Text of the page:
I already told you a little about Bayfront Park, but we’re going to head back there once more for the sake of fitness and mental clarity. The park offers free yoga classes for the public on Mondays evenings, Wednesday evenings, and Saturday mornings.

OLYMPUS DIGITAL CAMERAOn especially hot days, arrive about twenty minutes early so you can snag a spot in the shade. Although my overall perception of Miamians was pushy and sales-driven, the people at this yoga gathering were legitimately alright. A local offered me an extra yoga mat to use since I’d only brought a beach towel, and a nice young gentleman behind me struck up a conversation about the bar sponsors on my Chicago kickball t-shirt.

Shop at Coral Gables and Coconut Grove 

When I travel to a new city, I always like to venture off the main drags and see what the neighborhoods are all about. On our last day in Miami, Michelle and I took a drive to three different neighborhoods that were highly rated by strangers on the Internet.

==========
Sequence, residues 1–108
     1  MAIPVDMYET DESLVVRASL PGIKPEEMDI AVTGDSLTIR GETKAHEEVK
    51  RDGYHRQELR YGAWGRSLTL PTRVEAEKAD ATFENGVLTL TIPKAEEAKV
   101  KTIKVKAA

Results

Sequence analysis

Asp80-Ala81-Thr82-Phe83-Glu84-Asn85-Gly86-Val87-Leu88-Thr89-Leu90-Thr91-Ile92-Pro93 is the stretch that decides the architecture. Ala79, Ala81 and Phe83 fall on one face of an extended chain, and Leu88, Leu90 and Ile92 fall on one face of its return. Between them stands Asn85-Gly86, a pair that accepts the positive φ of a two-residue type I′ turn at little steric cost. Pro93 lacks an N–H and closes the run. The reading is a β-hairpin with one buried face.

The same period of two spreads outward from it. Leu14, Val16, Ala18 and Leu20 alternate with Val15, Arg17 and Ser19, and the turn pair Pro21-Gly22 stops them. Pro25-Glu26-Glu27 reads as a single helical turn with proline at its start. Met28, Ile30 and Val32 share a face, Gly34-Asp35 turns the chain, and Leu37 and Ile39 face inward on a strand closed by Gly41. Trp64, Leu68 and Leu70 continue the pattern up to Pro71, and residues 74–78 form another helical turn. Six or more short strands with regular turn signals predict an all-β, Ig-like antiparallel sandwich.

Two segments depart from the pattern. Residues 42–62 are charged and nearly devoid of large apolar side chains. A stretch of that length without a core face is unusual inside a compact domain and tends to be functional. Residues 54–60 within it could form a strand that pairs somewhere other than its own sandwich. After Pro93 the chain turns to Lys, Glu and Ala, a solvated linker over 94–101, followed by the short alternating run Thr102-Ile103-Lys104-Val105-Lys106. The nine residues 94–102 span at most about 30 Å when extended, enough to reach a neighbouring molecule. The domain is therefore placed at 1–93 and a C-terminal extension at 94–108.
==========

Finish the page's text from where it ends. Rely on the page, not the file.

Miami’s Design District proved to be a bust because not a single thing was open. I supposed I’ll give the neighborhood the benefit of the doubt since it was Sunday morning. Next, we drove to Coral Gables in search of some retail therapy. Finally before heading to the airport, we checked out the Coconut Grove area. The latter two areas had their fair share of shops and restaurants, but nothing that totally blew us away.


I take that back. One particular little shop, The Olfactory Co., knocked my socks off. As a low-maintenance gal with a gnome obsession, I usually prefer to shop for pointy-hatted companions over pointy-heeled shoes. Unexpectedly, this store carried gnomes in the form of finger puppets, dishes, salt n’ pepper shakers, and tea light candles.

If you’re looking to do more in Miami than get drunk and lay out, you’ve got to do your research and work for it. Well maybe you don’t now since I’ve been kind enough to give you a head’s start. However, don’t skip ’em, because then then you’d be missing out on the quintessential Miami experience. However, I hope this post just goes to show that you can find more than just beaches and bars in Miami.

1 thought on “Miami: Beyond the Beach and the Bar

  1. Pingback: A Night Out in Miami’s Little Haiti | Alyssa v. Nature